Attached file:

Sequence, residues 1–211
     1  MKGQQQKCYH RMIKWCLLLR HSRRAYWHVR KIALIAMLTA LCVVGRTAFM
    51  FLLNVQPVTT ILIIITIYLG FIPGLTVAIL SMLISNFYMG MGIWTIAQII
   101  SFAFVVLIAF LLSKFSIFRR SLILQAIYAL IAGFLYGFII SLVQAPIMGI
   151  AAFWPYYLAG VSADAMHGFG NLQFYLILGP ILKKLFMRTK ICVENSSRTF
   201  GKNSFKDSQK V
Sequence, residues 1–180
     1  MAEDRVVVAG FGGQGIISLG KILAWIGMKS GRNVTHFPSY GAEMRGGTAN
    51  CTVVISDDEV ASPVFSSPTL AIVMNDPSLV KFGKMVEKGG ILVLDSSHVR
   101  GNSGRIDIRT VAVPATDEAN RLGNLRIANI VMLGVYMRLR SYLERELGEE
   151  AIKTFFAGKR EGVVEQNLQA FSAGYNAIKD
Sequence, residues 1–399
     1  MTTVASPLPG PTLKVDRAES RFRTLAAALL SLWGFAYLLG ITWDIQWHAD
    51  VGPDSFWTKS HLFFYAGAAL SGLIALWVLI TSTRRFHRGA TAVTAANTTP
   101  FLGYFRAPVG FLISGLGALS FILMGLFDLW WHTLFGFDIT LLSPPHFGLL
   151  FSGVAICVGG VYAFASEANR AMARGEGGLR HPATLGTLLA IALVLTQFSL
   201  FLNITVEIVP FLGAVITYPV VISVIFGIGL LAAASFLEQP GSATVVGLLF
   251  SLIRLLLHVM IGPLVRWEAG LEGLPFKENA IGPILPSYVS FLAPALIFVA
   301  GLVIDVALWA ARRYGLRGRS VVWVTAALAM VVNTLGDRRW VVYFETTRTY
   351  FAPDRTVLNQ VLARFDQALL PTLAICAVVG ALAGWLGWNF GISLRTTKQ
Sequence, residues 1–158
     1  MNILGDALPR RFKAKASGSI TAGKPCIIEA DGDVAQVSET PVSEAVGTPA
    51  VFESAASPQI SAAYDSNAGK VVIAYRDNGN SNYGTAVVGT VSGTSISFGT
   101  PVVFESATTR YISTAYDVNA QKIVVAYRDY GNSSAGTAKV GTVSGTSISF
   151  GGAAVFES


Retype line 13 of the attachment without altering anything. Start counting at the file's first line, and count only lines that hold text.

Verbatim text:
     1  MTTVASPLPG PTLKVDRAES RFRTLAAALL SLWGFAYLLG ITWDIQWHAD